It's really just double standard. I mean if TNG or DS9 did the same thing and have the other super-powerful DQ races step in to wipe out the Borg and say "Sorry, we let the infestation spread. Our bad" no one would complain.

AFAIK, the response was that the Borg THEMSELVES were enough of a threat that having to deal with them as an opponent had possibilities in itself. Introducing Species 8472 cheated the viewers out of the long-anticipated Borg confrontation, then conveniently resolved it by the liberal application of [tech], then bypassed it altogether the following episode by having Kes fling them safely out of Borg space.
There was no way for VOY by itself to survive the Borg in a way the audience would've enjoyed. So they just as easily made up the 8472 as the Borg themselves were made up to get out of it. One overpowered species to get rid of the problem of another overpowered species. Sounds fair and simple to me.

It's not just "They made the Borg not-invincible!" It's more "They [the writers] created a race more powerful than the Borg just to create danger, then eliminated the other race, then eliminated the Borg, then went on their merry way." That's like checking into the Bates motel, watching Norman Bates getting murdered by Jason, then watching Jason getting killed by Peter Pan, and then it's over. It's more than a letdown, you come away feeling like your eyeballs have been raped.
We've been arguing here that it really isn't possible for the overpowered Borg that TNG made to be used that often. What VOY did, IMO, was quick, easy, creative. It was certainly just as good as how Crichton was randomly given the knowledge to create a contrivance weapon to scare the Peacekeepers and Scarrans into a peace treaty, or how Stargate SG-1 found contrivance weapons on Earth to destroy the Goa'uld. Or even "sleep".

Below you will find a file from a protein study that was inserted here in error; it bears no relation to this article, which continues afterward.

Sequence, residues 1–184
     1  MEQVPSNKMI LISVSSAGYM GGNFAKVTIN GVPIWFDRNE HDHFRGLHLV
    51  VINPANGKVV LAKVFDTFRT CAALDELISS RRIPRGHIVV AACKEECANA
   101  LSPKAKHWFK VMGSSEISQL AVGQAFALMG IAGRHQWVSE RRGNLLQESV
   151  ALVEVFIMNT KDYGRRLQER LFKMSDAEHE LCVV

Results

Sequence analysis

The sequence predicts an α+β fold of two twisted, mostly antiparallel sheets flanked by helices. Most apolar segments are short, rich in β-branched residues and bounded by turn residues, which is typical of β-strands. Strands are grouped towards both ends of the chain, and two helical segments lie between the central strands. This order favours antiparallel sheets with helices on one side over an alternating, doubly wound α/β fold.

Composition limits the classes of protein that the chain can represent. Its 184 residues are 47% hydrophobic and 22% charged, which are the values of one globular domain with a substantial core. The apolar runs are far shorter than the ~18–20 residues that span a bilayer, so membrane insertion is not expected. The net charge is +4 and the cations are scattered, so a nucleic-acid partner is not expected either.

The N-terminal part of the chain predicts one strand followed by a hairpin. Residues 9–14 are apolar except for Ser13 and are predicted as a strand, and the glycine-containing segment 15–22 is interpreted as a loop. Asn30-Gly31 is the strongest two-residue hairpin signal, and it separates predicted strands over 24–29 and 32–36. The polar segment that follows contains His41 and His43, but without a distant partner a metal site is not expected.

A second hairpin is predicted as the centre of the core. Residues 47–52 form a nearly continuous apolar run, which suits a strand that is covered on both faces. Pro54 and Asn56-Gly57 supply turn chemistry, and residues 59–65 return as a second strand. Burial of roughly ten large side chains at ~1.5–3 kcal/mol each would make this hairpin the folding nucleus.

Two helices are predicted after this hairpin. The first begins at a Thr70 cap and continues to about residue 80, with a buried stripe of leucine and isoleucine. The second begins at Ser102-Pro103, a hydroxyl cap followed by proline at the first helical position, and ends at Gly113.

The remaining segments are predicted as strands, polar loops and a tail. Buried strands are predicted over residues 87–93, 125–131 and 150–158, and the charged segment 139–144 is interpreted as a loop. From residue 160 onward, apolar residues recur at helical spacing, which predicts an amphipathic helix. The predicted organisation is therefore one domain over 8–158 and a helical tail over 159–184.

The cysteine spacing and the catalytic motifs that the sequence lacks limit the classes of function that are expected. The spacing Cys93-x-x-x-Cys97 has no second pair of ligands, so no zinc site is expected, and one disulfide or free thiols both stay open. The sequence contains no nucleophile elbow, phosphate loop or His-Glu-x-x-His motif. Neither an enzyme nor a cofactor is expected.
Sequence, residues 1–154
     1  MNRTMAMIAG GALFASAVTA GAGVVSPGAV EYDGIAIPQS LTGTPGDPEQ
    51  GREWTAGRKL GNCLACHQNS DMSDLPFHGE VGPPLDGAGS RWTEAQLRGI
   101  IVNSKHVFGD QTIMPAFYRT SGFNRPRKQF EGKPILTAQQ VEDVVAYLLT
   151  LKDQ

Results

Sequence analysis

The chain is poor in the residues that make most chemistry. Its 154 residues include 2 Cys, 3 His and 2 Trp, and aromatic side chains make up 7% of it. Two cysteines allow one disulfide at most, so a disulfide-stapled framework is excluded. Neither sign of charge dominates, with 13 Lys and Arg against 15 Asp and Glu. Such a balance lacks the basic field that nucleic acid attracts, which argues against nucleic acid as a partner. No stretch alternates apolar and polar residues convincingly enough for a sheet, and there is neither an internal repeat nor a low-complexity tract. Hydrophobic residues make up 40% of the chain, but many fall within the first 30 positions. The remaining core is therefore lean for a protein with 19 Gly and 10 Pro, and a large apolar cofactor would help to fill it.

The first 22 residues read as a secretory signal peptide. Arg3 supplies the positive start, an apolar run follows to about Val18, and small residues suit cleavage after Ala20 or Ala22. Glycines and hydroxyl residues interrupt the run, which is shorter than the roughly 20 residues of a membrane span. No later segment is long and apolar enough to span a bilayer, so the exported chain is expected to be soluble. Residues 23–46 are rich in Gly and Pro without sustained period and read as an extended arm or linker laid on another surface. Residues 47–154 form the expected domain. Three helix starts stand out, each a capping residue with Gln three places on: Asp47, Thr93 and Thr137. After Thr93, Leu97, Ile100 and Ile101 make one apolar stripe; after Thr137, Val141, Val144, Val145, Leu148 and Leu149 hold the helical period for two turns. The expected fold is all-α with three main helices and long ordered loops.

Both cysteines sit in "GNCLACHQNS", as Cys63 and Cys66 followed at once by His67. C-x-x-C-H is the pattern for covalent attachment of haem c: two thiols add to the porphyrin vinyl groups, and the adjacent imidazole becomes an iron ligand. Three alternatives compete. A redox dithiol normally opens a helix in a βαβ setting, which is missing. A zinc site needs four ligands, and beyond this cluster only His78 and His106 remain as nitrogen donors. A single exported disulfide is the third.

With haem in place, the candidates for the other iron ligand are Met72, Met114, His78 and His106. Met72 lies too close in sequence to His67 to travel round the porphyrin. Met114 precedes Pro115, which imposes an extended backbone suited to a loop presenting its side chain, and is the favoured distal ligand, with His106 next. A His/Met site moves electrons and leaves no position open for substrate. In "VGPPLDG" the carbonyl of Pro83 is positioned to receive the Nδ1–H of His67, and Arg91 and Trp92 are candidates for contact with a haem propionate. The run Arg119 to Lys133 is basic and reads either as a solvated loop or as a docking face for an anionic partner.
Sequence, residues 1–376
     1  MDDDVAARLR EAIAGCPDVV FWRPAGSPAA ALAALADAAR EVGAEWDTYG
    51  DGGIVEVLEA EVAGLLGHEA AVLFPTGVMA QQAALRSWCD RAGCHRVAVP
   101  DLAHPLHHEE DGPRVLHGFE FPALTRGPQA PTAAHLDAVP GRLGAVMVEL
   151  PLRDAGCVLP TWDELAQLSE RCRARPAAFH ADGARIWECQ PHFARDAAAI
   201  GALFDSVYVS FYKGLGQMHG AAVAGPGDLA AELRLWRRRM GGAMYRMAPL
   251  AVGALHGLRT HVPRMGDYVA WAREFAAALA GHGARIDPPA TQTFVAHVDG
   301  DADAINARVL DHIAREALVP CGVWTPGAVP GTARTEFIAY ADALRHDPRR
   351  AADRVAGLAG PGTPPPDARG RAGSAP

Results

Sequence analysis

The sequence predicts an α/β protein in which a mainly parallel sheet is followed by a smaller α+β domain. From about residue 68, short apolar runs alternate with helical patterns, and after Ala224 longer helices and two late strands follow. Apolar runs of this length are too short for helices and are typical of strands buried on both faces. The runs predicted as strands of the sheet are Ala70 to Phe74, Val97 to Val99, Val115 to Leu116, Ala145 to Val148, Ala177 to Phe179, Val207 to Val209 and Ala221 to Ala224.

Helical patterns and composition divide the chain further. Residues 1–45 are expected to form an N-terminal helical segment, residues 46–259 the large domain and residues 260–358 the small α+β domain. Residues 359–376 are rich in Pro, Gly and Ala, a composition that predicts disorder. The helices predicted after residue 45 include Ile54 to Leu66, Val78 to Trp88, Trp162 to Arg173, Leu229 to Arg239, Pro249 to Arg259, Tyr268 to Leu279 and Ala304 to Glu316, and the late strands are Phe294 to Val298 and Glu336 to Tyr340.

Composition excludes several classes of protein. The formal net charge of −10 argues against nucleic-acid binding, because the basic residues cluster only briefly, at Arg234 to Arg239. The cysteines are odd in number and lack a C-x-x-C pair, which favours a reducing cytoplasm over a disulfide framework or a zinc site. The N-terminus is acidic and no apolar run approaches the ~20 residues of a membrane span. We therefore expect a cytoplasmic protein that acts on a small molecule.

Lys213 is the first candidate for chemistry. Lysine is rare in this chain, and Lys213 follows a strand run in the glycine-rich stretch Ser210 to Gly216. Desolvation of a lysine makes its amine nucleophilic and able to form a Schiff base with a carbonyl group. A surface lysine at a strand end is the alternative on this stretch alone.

But you might have your assumptions reversed. People didn't hate the storylines "because Voyager did it means the story sucked." They hated they storylines because THE STORIES sucked and this reflected poorly on Voyager--that is to say, the WRITERS--in general.
I dunno, it just really seems that folks were ready to rip the show to shreds from inception and went in biased already. It didn't have much of a chance.

But there's got to be a middle ground between "Totally unstoppable" and "Stopped dead in their tracks by pulling some random technobabble out of my ass and having it work every time."
Not with the overpowered Borg, it seems. It's just have them be unstoppable or have the heroes find something to blast them away with. Guinan said that eventually there could be co-existence with the Borg but everyone forgot that, and Q said they were just one threat and not even a major one, but everyone forgot THAT too.

And it's not like you can really run from the Borg successfully. Their sensors and propulsion are too superior for them to not be able to track your warp signature no matter where you go or where you hide ("I, Borg"'s ending made no sense that they could hide in that nebula). Destroying them is the only answer.

Don't forget, "Sleep" in BOBW was just technobabble as well. Data teched his way into Picard and teched the Collective into shutting itself down.

That makes sense in theory, but I have serious misgivings about anything that makes Star Trek in any way more similar to Stargate SG-1.
I know, I don't like the "Pro-Military, Anti-Civilian" Right-wing tone myself. Didn't like it in NuBSG either. Or TOS.

Last edited by Anwar; December 6 2010 at 06:01 AM.